Dragon fan? Book Promo: The Long Way by Michael Corbin Ray & Therese Vannier

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Title: The Long Way
Author: Michael Corbin Ray & Therese Vannier
Details: Paperback, E-Book 262 pages
Publication Date: October 2nd 2013 by Baaa! Press
Genre: Fantasy/ Historical Fiction

Synopsis:
Take flight to China’s Opium Wars of the mid-nineteenth century in this epic historical fantasy. Young orphan Leung Chi-Yen, born into the seedy world of Canton brothels, finds an opportunity to escape her fate during the chaos of British attacks on her country. Along with an unreliable monk from the fallen Temple of Seven Dragons, she journeys to North America at the time of the gold rush, the Indian wars, and the taming of the Wild West. Can she forge a new life for herself in this strange, dangerous world? And what about that mysterious Chinese dragon that has followed her so far from home?

What People are saying about The Long Way:

A fine historical fantasy tale featuring a memorable, tenacious protagonist.”
—Kirkus Reviews

“I don’t think there’s a summary in the world that could have done The Long Way justice.”
– Hollie, Goodreads

“The only thing missing from this book is a sequel, as I was very sad to see it end.”
– Debby, Goodreads

Meet the Authors:


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Michael Corbin Ray and Therese Vannier have been friends since the mid-’90s, when they worked together at a series of imploding newspapers. After the death of journalism, they founded and ran a small marketing business for a number of years before falling for the siren call of Hollywood and screenwriting. Their first project was inspired by a bad dream, which should have been a warning to them.

While they share a love of stories, they come at it from different angles. Therese was raised on a diet of schlocky horror and martial arts movies from the ’70s, while Michael served time as an English major and occasionally aspires to commit literature. Their writing process often devolves into an argument over how much blood is too much blood.

They also share a fascination with the sciences, biology in particular. Therese studied marine biology and spends as much time in the water as possible. Michael has a degree in ecology and evolutionary biology, but prefers to keep his feet dry. They find common ground in birds.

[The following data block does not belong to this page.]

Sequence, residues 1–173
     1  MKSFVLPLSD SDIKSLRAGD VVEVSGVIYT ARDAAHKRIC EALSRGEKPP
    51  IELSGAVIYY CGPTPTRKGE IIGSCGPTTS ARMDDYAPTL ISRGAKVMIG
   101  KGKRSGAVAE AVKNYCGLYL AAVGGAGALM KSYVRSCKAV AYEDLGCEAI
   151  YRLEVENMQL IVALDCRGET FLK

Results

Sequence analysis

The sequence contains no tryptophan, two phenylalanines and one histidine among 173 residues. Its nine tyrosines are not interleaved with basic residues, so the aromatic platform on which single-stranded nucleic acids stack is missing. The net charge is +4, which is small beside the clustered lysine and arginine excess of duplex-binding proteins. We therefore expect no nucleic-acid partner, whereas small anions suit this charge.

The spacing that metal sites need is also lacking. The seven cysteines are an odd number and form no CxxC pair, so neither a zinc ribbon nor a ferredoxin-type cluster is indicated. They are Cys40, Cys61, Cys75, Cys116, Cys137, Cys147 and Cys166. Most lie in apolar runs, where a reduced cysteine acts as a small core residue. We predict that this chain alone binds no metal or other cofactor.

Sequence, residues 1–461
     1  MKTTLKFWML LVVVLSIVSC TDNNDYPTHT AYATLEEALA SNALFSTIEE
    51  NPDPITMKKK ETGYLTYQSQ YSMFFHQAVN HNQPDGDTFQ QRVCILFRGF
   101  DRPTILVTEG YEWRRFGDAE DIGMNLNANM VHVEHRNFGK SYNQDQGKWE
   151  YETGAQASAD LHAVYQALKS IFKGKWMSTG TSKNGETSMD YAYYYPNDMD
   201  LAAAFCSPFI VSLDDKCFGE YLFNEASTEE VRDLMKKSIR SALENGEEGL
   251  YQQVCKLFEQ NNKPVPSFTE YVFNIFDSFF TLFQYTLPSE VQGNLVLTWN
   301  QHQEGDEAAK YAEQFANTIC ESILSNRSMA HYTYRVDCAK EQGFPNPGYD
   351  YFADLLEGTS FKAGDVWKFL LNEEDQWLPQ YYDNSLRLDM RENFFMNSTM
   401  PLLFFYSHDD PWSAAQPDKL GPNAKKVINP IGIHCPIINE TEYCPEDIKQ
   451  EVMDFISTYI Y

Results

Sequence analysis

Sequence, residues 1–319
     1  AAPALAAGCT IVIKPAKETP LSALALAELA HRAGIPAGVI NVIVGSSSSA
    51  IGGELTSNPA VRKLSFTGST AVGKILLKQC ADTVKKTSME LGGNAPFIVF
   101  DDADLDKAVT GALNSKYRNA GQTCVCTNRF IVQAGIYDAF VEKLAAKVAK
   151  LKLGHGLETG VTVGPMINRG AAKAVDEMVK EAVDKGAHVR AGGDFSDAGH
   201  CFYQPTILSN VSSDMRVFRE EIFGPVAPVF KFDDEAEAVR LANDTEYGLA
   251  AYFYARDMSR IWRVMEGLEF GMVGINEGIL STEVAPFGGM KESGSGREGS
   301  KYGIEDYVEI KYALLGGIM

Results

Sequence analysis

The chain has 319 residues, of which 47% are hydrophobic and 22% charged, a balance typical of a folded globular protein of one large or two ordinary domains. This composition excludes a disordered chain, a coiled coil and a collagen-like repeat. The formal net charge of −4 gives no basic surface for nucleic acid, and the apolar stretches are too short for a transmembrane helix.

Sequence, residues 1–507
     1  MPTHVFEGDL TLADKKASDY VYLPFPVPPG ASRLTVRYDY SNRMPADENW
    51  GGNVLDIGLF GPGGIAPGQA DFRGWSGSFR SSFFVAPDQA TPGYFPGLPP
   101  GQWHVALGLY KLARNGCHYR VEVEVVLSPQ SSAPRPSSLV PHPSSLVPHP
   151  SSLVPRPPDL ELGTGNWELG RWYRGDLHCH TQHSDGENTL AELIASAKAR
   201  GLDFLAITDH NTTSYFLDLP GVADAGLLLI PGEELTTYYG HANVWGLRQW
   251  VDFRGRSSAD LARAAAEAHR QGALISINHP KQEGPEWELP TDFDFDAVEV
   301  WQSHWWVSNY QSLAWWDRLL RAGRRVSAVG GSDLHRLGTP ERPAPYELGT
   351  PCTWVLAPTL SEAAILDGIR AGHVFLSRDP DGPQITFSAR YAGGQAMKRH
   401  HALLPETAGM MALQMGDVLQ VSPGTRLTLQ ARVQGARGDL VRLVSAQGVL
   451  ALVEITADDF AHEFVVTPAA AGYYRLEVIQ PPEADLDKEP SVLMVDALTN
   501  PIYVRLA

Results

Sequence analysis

After many years educating themselves on the long odds of ever getting a screenplay produced (anybody have a few spare tens of millions of dollars lying around?) they decided to switch to books. They now have a big backlog of stories to tell in this newfangled format. The Long Way is their debut.

Get Your Hands on a Free Copy!

NetGalley members can read The Long Way right now here.

Or you can enter the Goodreads giveaway here.

Saying Goodbye to Warsaw by Michael Cargill

18464101Like any girl who is loved by her family, Abigail Nussbaum loves to chase butterflies, enjoys lying on her back looking for shapes in the clouds, and happily teaches young children to make daisy chains.

In the eyes of certain people, however, Abigail has committed a heinous crime. The year is 1940; the place is Poland; Abigail happens to be Jewish.

Along with half a million other Jews, Abigail and her family are evicted from their home and forced to live in the bombed out ruins of Warsaw, the Polish capital.

Although a handful decide to fight back, is the uprising strong enough to save Abigail’s spirit?

Saying Goodbye to Warsaw is a surprisingly light read given the subject matter. It centers around the Nussbaum family of Abbie, her brother Leo, and her mother Chana who are imprisoned in a bombed-out ghetto in Warsaw in the midst of WW2.

Much of the book describes the squalor and poverty that has been thrust upon them, their fear of the German soldiers and the uncertainty of their future – however protagonist Abbie is a carefree, daydreamer who can see beauty and excitement in almost anything, giving the story a light-hearted, innocent tone.

I liked Abbie as the protagonist for that reason but I also felt like the main crux of story was being overlooked – the truth of their plight. Eventually we’re introduced to Alenka who is part of an underground resistance group which Leo has joined.